The Borrowers is a great family film along the lines of Willy Wonka and the Chocolate Factory and Darby O’ Gill and the Little People. Its an exception to the general trend of bad kids fantasy flicks Hollywood has been coming out with over the past 20 years. Unfortunately, when this film was released in 1997, it was pretty much ignored due to a terrible advertising campaign so the majority of you have probably never seen nor heard of it. The film is about a family who have been screwed out of their house by an unscrupulous lawyer (John Goodman) who tells them the will that their aunt had written up that gives them the house is gone. In the meantime, there is a family of tiny people (Borrowers) who live in the house and who help save the house from the lawyer’s plans to demolish it.

The first thing that strikes you about The Borrowers is the world the characters inhabit. Its a world where 1930s meets present-day modernity. If you have ever seen any of the Wallace & Gromit shorts or films, the production design will look familiar to you. I liked the filmmakers decision to go with a stylized look as it more effectively draws the audience into the story than if the story had a realistic setting.

The film has a wonderful cast, headed by the very talented and always fun to watch John Goodman. He plays the evil lawyer (an estates lawyer as it turns out) who tries to demolish the family’s house and destroy the Borrowers. After playing Dan Connor in Roseanne for so many years, The Borrowers showcases Goodman’s versatility as an actor. He plays up the greedy arrogance of his character to hilarious effect. If you are a Harry Potter fan, you may notice the sizable number of actors in this film who went on to star in the Potter series. You have Jim Broadbent as the patriarch of the Borrower family (Professor Slughorn in Harry Potter), Mark Williams as the exterminator (Arthur Weasley in Harry Potter), and Tom Felton as the little boy of the Borrower family (Draco Malfoy in Harry Potter). With the exception of Goodman and the family who owns the house, the remaining cast is British.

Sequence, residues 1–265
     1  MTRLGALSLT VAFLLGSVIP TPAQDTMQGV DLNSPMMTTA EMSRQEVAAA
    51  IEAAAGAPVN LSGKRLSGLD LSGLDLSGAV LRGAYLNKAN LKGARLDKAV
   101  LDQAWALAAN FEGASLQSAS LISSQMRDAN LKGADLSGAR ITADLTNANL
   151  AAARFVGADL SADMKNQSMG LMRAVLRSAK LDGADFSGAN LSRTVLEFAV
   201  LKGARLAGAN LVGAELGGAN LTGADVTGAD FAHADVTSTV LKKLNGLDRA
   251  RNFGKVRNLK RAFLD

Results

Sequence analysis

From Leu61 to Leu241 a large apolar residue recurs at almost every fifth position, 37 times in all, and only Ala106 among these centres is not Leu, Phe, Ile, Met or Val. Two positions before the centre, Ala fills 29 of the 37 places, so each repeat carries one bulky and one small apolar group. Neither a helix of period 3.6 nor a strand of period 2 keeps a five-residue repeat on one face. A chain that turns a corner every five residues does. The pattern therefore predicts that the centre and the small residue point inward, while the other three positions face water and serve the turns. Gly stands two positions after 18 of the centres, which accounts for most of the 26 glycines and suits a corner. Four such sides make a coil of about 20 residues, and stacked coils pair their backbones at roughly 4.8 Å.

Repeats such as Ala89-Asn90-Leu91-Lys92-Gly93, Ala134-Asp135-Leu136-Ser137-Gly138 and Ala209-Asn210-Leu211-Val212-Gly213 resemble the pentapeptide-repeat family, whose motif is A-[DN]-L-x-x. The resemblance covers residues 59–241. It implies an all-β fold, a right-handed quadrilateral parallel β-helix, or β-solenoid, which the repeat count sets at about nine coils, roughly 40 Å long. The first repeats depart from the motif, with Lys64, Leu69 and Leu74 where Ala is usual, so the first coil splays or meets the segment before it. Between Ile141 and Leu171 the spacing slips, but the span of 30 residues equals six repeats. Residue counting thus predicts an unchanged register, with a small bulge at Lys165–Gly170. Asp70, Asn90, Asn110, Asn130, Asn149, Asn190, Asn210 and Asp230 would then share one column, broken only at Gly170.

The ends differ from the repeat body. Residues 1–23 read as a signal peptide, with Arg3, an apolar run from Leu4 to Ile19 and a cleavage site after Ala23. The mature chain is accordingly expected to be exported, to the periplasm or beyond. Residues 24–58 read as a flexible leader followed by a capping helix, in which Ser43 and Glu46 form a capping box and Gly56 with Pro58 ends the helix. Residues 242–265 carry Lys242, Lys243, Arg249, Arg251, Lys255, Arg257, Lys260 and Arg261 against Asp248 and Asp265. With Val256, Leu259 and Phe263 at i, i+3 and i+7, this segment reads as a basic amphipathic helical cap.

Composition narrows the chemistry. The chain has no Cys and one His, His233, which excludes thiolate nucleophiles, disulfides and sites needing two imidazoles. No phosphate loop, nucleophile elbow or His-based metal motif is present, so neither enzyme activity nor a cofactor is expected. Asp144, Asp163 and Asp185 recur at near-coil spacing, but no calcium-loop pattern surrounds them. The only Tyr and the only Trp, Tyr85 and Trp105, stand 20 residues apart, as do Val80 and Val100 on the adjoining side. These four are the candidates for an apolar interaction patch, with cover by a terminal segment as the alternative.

One of the delightful aspects of The Borrowers are the creative inventions the Borrowers create out of everyday things. Items like batteries, forks, thimbles, etc. are used by the characters to create tools. Their habitat is a mishmash of parts taken from board games, credit cards, cereal boxes, etc. The elaborate action sequences in the film also effectively make use of the characters’ tiny size. A harmless and boring milk bottling conveyor line is turned into a treacherous obstacle for the characters.

Some of the situations border on slapstick Home Alone-esque dumb humor, but I guess thats to be expected in any kids movie. On a completely different note, I have to say something about the use of the law in this movie by the filmmakers. Just because a will has gone missing does not mean the lawyer gets the house. The house would have gone into intestacy and the nearest kin would have received it, which presumably would have been the family. Furthermore, there is a scene where Goodman tries to burn the will, but his lighter is out of fluid so he goes off to find some matches. A will can be destroyed in any number of ways, including tearing it up, which Goodman could have easily done. Of course, had the filmmakers correctly applied the law, there probably wouldn’t be a movie.

The Borrowers is a film that both parents and kids will enjoy. Half the film’s appeal is seeing the inventiveness the filmmakers employ to tell their story. The movie is topped off with a great performance by John Goodman, which makes you sad that he doesn’t get more starring roles in better films these days.

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